Sunday, March 30, 2008

March 21, 2008 - East Cape

The East Cape is one of the least densely populated regions in this sparsely populated country. Those who do live here are primarily of Maori descent. The only other pakeha (non-Maori) we saw during the two days we spent out here were the few other travelers we ran into and people who work in or run the lodgings we stayed at. We regularly saw Maori youths riding along the roads on horseback. The heart of each village is the local marae. Although it wasn't the most exciting place we've visited on this trip, we were glad that we took the time to check out a bit of the Maori world - beyond the Disney version tourists typically experience at hangi nights and concerts in Rotorua. For a look at Maori culture, check out the movie Whale Rider, which is a story about a modern Maori tribe living on the East Cape. The film incorporates the legend of Paikea, the ancestor of the East Cape Maori tribe of Ngati Porou, who (according to legend) arrived in New Zealand on the back of a whale.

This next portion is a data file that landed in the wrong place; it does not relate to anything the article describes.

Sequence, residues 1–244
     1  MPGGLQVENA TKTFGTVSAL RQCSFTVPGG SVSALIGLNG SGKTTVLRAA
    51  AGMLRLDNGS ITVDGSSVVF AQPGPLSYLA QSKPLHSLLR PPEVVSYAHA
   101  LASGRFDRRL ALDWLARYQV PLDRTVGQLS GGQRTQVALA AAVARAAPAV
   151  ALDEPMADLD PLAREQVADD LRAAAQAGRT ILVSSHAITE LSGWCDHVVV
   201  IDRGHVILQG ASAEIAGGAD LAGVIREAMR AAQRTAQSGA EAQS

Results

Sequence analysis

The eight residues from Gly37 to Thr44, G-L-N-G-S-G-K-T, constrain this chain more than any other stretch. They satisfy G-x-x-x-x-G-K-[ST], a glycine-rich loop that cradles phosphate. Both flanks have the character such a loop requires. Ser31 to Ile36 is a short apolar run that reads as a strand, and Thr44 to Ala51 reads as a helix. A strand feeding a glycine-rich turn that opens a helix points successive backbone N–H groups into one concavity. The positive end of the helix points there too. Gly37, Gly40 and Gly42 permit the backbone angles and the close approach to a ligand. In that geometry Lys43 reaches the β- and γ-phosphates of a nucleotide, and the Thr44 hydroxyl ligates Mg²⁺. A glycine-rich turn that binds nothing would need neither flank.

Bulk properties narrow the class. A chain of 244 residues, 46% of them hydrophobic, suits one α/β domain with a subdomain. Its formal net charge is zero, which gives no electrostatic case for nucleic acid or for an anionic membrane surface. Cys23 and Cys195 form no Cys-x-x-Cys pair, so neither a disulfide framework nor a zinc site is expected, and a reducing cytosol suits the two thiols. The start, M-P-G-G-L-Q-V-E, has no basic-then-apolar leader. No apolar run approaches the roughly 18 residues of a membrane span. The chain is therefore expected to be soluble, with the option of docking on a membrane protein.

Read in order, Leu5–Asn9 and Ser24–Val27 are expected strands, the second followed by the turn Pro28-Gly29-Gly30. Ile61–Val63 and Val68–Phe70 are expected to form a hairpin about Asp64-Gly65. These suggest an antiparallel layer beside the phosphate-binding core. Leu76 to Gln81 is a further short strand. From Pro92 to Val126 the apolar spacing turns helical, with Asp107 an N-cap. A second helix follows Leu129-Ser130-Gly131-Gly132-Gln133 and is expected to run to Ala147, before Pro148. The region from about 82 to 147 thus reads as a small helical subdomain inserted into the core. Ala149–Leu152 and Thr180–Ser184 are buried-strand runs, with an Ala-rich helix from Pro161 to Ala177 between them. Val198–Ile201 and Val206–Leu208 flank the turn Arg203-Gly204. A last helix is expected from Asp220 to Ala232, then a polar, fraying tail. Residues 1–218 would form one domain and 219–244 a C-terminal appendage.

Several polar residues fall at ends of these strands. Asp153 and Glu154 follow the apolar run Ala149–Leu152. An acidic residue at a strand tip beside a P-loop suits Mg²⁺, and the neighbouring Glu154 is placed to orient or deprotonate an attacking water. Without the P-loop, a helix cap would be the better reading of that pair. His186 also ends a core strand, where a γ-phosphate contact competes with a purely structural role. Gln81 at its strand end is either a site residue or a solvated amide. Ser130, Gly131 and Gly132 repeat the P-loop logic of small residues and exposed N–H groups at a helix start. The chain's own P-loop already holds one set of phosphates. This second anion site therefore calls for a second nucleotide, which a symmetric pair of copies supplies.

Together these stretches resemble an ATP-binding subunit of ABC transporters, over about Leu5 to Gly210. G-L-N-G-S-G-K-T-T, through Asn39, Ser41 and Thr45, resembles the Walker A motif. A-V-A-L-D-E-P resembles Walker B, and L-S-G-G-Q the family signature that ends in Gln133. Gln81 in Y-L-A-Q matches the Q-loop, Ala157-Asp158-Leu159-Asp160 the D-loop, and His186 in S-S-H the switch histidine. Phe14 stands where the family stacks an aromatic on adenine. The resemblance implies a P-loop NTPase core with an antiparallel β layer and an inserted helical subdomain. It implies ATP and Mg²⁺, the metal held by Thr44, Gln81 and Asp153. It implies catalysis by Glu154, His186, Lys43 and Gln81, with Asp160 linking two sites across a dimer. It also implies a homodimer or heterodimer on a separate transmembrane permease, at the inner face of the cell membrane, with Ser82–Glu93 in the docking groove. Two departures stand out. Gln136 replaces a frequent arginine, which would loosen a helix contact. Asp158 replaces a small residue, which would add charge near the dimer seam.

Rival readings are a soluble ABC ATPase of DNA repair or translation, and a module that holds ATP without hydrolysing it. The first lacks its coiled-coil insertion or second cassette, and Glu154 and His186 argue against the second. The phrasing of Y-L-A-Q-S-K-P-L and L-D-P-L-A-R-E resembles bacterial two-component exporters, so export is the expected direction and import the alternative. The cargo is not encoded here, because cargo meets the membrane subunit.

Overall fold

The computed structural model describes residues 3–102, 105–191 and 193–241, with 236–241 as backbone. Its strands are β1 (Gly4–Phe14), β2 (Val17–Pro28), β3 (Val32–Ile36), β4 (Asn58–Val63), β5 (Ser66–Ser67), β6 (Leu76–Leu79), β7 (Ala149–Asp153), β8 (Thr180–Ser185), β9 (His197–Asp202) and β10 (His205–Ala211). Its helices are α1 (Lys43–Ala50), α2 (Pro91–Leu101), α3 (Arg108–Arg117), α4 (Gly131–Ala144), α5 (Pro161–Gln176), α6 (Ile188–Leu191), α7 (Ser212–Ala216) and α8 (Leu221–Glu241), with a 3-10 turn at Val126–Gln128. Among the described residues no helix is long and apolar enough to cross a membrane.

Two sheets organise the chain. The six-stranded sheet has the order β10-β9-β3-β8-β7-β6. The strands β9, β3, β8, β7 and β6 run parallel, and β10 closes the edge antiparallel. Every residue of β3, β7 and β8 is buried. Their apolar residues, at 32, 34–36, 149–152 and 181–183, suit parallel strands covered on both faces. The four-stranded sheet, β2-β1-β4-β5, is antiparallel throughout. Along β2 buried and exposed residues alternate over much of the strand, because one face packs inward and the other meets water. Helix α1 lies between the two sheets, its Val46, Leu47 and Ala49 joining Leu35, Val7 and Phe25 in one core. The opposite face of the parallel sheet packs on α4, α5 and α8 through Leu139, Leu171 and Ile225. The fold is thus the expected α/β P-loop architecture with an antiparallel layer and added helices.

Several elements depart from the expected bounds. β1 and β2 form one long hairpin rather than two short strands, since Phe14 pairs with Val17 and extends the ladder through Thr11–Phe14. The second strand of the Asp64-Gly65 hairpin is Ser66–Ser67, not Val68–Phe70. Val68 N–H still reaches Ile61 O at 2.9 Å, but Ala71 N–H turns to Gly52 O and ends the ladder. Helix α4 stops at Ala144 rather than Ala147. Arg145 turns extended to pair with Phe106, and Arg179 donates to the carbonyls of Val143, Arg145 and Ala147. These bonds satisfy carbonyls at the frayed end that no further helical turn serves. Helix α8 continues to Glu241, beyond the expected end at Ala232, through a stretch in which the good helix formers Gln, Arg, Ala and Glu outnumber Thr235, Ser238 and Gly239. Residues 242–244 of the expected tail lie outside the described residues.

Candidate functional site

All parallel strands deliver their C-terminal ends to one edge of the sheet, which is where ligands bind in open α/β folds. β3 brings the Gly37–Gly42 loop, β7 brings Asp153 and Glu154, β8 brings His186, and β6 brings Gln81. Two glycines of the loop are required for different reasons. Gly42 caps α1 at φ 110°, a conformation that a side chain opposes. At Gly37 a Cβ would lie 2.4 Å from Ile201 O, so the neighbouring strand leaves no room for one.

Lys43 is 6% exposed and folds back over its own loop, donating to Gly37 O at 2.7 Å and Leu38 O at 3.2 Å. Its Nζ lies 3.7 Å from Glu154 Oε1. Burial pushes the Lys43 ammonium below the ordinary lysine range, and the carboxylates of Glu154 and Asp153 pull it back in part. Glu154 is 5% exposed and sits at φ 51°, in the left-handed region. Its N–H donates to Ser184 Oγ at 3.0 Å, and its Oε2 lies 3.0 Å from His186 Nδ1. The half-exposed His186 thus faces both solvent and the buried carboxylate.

Our cozy cabin at Brian's Place - the shell shape seemed to amplify the sound of the surf.

The view from the deck our cabin across Tokomaru Bay.

The East Cape is dotted with towns that time and progress have passed by.

This perfectly mundane looking Anglican church contains a treasure trove of Maori carving, weaving and imagery.
Can you see all the tikis with their paua shell eyes staring out at you?

The stained glass window over the alter beautifully interweaves Christian and Maori imagery. Note the World War I uniforms on the Maori youths flanking Jesus. Entire regiments of Maori men fought overseas in that conflict, primarily in Galipoli and North Africa.

Another postcard perfect church.

Although it provided us with brief glimpse into modern Maori life, the drive around the East Cape of the North Island was not as satisfying as the drive along the Catlin's Coast at the bottom of the South Island. In the Catlin's, every 30 kms or so there is another geologic wonder to check out. There, we were able to break up the driving with lots of short walks. The East Cape has beautiful scenery, but there are no hiking trails or anywhere else to get out and stretch your legs, except by going to the beach. And neither of us is really interested in getting salty and sandy in the middle of a long day of driving.

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